• A SPLICE-SITE mutation causes a sizeable section of the protein to be missing.
    This mutation is a mistake in the DNA code that leads to a whole section of the protein being left out. In the case of dysferlin, this type of mutation usually means that 1-4% of the protein’s amino acids are missing. Splice-site mutations can range from moderate to severe, depending on which section of the protein is missing.


  • A FRAMESHIFT mutation causes all of the amino acids in the protein, after a certain point, to be wrong.
    This mutation is an insertion or deletion of one or more nucleotides in the DNA. Because a ribosome makes the protein by reading sets of three nucleotides, inserting or deleting a nucleotide means that the ribosome can no longer correctly group the sets of three. Every set of three after the insertion/deletion is incorrectly grouped, so the ribosomes pick the wrong amino acid for every set of three after this point in the protein. By analogy, imagine that each word in a sentence stole the first letter of the next word (THE RED CAR would become HER EDC AR) - the words would no longer be read correctly. This is a severe defect because much of the protein is wrong and the protein cannot function correctly.


  • A NONSENSE or STOP mutation causes the protein chain to stop prematurely.
    This mutation is a mistake in the DNA code that tells the ribosomes to stop attaching new amino acids to the protein while the protein is still incomplete. The ribosomes stop too early and never even make part of the protein. This is a severe defect because much of the protein is missing, so the protein cannot function correctly. It may be possible to correct this type of mutation, however, by using a molecular signal to tell the ribosomes not to stop making the protein. Therapies based on this strategy are currently in development.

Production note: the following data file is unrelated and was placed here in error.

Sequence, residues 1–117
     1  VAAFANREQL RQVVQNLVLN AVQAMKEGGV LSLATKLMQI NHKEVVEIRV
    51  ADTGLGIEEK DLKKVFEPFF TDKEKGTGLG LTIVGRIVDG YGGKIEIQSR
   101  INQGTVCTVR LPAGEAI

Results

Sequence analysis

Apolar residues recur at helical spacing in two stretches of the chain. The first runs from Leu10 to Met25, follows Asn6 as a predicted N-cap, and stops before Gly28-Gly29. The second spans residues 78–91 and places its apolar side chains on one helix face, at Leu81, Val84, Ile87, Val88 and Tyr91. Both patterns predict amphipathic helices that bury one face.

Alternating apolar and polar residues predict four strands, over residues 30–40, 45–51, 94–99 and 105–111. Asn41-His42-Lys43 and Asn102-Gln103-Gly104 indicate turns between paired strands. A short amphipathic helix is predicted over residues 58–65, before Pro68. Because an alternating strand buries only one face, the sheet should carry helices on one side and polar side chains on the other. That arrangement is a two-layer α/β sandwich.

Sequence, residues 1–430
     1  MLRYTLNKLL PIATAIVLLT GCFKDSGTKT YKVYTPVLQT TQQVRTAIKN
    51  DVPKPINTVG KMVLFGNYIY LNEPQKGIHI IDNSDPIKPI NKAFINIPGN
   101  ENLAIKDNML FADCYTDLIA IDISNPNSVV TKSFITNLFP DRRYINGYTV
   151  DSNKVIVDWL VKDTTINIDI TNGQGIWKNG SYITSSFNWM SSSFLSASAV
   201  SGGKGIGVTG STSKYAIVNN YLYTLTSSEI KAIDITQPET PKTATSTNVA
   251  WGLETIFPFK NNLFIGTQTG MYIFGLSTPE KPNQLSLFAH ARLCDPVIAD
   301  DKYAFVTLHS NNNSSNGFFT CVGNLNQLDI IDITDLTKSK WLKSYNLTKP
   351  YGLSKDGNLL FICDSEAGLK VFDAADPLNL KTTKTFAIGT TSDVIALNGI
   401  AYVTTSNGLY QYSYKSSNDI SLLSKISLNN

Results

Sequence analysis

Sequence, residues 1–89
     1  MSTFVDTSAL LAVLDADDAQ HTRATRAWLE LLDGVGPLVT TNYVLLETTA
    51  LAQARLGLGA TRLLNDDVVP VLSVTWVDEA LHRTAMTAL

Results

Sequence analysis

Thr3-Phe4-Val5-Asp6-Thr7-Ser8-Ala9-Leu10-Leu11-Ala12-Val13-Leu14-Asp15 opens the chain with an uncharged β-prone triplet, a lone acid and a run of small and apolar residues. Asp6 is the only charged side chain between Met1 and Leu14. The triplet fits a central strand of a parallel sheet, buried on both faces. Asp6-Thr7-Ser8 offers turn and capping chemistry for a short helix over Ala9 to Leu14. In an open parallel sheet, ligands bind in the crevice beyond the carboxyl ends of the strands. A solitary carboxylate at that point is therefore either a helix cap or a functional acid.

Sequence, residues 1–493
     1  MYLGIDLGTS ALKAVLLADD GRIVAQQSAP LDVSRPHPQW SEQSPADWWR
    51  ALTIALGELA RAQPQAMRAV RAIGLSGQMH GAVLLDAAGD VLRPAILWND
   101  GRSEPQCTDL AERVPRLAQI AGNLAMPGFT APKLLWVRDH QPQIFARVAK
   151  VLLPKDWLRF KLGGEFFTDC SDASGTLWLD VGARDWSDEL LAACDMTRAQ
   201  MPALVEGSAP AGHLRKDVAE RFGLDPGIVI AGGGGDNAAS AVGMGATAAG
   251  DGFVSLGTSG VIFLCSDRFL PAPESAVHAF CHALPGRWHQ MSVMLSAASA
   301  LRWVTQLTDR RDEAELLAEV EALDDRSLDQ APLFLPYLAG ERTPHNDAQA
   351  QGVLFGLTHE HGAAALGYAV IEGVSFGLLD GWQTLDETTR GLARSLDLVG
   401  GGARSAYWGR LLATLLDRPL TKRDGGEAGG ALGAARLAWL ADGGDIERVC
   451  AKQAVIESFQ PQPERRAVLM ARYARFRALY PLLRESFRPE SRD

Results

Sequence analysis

What are the benefits of identifying the gene mutations causing my disease (i.e. dysferlin gene mutational analysis)?

Getting a dysferlin gene mutational analysis only requires a small blood sample from a patient. Genetic analysis is only recommended after an initial diagnosis of dysferlin deficiency has already been made by either looking for the amount of dysferlin protein in a muscle biopsy or a blood monocyte dysferlin assay.


There are two main reasons for getting dysferlin gene mutation analysis (gene sequencing) of your two copies of the dysferlin gene:



The gold-standard for diagnosis of genetic disorders is the identification of the defect (mutation) in the gene causing the disease. There are several forms of muscular dystrophy and LGMDs with very similar clinical symptoms, and analysis at the genetic level is the only way to definitively confirm your diagnosis of LGMD2B. A deficiency of dysferlin protein seen in a biopsy or a blood monocyte dysferlin assay points towards dysferlinopathy, but only the identification of specific mutations in the dysferlin gene will confirm that diagnosis.



2.   If you know the nature and position of your dysferlin mutations you may be able to benefit from future therapies that target specific mutations. Examples of two such therapies currently in development are given below:


  • Stop-codon readthrough: This therapy is currently in clinical trials for Duchenne Muscular dystrophy and several other non-muscle diseases and will potentially benefit those patients who have a specific kind of mutation, called a “nonsense” or “stop” mutation (see explanation for a stop mutation).


  • Exon skipping: This therapy is in clinical trials for another type of muscular dystrophy and could potentially benefit a subset of patients with mutations in specific areas of the dysferlin gene.
What is the difference between a genotype and a phenotype?

A genotype refers to the genetic characteristics of an organism. A phenotype refers to the physical characteristics. For example, having blue eyes (an autosomal recessive trait) is a phenotype; lacking the gene for brown eyes is a genotype. Dysferlin deficiency will only cause muscle weakness (phenotype) if a person has two defective copies of the dysferlin gene (genotype). The genotype of two defective dysferlin genes is associated with two different phenotypes, the symptoms of LGMD2B or of Miyoshi Myopathy.